Since the commission of the most gruesome and the worst peacetime massacre in modern history, prosecutors and the defense team have battled in court to determine whether the confessed mass killer Anders Behring Breivik suffers from the disease of the brain or of unsound mind that is, insane when he killed 77 people on July 22, 2011. So far, the issue is not about guilt since Breivik had admitted to killing all the victims, the issue however, is whether Breivik is entitled to the insanity defense.
Based on testimonies by mental health experts, it is still unclear whether the Norwegian mass killer was insane when he carried out the bombings and mass killings; Breivik’s behavior in court has also complicated the already difficult nature of the case. His reasons for the attack have been to deliver Norway from colonization by Muslims and to strike against the political establishments that have betrayed the country with liberal immigration policies.
So far, court appointed psychiatrists disagree on whether his actions were a result of an extreme political ideology or a disease of the mind which drove him to the point of insanity when he committed the massacres. Meanwhile, the defense team has presented Breivik’s view that he was sane and not insane when he committed the acts. The court must now determine by July or August, whether to sentence Breivik to 21-year in prison or confine him to a mental institution. If he is determined to be psychotic, Breivik will be confined to a psychiatric institution but if deemed sane he is likely to spend 21-year in prison the maximum allowed under Norwegian law; but if found to be a danger to the society, he may remain in prison indefinitely.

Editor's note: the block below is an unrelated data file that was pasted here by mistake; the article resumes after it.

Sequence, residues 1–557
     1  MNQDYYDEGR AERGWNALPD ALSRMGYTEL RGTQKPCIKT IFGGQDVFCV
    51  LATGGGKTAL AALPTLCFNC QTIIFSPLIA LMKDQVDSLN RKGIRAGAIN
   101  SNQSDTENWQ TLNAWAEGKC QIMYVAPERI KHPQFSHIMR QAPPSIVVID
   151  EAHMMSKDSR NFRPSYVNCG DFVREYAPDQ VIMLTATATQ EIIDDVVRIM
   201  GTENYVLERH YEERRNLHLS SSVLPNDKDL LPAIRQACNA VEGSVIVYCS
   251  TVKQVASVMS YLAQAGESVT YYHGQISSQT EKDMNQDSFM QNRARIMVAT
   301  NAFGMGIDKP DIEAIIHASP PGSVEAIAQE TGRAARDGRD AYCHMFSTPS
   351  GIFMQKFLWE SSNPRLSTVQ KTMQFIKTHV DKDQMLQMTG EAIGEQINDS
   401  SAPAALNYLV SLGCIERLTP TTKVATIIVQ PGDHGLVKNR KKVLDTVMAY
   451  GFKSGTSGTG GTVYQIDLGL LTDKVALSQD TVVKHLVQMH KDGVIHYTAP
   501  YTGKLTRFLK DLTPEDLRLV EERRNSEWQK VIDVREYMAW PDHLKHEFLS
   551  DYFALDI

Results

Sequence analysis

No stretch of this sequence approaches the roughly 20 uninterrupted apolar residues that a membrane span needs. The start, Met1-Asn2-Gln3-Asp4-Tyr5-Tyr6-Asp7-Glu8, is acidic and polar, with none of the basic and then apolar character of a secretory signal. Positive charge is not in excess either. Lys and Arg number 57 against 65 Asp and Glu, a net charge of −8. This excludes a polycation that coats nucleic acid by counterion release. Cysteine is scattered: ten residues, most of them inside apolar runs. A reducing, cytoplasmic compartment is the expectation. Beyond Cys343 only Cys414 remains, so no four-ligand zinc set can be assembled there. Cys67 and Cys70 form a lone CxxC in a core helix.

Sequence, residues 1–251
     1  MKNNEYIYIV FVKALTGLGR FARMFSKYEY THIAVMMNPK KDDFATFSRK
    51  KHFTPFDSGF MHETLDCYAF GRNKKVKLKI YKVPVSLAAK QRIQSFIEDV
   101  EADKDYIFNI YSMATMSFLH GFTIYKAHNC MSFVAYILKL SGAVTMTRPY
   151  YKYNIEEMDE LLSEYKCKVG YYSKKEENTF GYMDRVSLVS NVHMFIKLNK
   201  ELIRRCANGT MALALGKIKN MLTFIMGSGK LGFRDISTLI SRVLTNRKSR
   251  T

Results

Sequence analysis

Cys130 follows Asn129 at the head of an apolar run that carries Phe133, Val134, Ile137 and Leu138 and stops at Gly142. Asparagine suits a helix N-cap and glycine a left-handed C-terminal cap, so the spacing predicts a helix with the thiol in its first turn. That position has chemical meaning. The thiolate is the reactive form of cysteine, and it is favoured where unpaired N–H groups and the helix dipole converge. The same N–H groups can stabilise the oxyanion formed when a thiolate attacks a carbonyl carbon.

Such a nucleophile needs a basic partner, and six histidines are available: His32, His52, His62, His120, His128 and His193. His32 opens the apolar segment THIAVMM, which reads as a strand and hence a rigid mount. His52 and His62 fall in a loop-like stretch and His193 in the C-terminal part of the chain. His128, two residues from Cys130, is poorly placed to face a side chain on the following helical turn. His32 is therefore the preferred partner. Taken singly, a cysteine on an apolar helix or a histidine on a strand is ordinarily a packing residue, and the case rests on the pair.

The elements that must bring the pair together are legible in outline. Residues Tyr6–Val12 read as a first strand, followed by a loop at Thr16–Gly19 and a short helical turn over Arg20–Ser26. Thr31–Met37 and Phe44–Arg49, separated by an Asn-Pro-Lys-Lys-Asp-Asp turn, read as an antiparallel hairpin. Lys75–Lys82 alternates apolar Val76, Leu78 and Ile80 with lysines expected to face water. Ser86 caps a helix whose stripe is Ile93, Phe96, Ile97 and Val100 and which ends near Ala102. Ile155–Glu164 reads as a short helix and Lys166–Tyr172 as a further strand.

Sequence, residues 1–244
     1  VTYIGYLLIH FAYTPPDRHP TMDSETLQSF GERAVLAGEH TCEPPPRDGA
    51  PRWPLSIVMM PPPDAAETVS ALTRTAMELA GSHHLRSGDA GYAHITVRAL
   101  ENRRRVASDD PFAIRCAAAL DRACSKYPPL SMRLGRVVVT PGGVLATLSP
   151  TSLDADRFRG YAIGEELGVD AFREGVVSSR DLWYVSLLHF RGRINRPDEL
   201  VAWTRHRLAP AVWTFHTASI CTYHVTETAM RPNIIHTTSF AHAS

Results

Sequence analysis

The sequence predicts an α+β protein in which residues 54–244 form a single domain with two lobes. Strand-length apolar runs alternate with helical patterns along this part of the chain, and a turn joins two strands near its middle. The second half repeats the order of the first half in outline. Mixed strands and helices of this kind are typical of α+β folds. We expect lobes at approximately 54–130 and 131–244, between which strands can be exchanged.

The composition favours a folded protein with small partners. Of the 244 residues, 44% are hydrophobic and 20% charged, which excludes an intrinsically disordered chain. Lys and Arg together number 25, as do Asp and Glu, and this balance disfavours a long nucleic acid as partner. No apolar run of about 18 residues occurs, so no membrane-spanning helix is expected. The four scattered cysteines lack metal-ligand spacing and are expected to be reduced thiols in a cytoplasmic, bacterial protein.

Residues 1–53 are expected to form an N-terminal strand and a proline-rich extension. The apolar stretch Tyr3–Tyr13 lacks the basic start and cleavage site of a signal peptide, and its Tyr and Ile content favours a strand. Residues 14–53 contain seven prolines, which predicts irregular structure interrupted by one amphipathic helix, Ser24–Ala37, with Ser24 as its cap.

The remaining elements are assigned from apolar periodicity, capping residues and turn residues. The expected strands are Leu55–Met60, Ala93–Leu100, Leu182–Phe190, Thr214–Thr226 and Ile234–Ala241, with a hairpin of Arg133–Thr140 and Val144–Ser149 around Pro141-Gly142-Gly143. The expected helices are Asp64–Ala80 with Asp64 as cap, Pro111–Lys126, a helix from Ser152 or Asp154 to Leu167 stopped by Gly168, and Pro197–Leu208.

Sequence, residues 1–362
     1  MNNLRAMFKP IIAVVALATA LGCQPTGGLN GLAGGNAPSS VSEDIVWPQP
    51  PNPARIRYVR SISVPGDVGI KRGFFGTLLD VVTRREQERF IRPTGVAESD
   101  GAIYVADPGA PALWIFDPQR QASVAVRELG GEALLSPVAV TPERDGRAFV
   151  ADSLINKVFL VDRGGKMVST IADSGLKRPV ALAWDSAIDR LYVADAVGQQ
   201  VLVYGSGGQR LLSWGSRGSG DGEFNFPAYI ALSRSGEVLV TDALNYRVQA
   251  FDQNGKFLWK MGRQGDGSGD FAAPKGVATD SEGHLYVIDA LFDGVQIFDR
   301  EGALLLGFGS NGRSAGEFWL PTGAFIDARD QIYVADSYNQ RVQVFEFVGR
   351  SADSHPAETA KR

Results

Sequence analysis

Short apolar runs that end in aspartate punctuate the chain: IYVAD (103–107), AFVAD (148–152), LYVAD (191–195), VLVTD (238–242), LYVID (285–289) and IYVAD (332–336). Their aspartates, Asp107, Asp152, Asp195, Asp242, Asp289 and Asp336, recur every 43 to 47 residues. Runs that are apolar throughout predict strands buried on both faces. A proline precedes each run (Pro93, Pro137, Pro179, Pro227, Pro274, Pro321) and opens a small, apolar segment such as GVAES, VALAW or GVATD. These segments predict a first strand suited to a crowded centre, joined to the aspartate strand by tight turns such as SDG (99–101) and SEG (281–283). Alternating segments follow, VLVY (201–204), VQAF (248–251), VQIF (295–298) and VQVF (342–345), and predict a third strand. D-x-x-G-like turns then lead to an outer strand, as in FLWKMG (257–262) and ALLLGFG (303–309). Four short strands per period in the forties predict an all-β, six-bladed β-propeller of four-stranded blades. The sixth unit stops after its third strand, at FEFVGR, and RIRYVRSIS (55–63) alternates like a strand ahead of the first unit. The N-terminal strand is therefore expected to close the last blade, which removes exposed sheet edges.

Breivik’s case has once again brought to light a well recognized defense in criminal law, the insanity defense. One of the issues in criminal law is whether one legally considered of unsound mind or disturbed faculty, be made to answer for a crime or act he has committed. Should one who is found to be of mental disease, or a mind so disturbed that he cannot understand the charges against him be made to stand trial until his disease and troubled mind is restored? These and many issues are considered in criminal proceedings in order to prevent a miscarriage of justice.
At various points in a criminal case, the issue of insanity is considered relevant and important; the first issue is to determine whether at the time of the alleged crime the defendant is of sound mind and mental capacity to appreciate his act; If his mental ability is of such character and degree as to negative criminal responsibility, such a determination will entitle him to an acquittal. The second issue to be raised is at the time set for arraignment; if the mind of one indicted is so disturbed by mental infirmities that he is unable to understand the charge against him and to plead intelligently thereto, he should not be permitted to plead until his faculty is restored.
The third issue deals with the mental state of the defendant at the time of trial; mental disorder at such stage has nothing to do with the issue of guilt or innocence, unless it may have some tendency to show the mental state of the defendant at the time of commission of said act. A defendant whose mental state is so disturbed that he does not understand the charge against him, and possible defenses thereto, and hence is unable properly to understand the advice of his counsel in regard to the conduct of the trial, may not be tried at the moment, whatever his mental condition may have been at the time of the alleged crime. Hence upon such a finding the defendant is committed to some mental hospital. He is to remain there until his mental condition is restored, after which he is returned to court for trial. (See Jackson v. Indiana, 406 U.S. 715, 92 S.Ct. 1845 (1972)).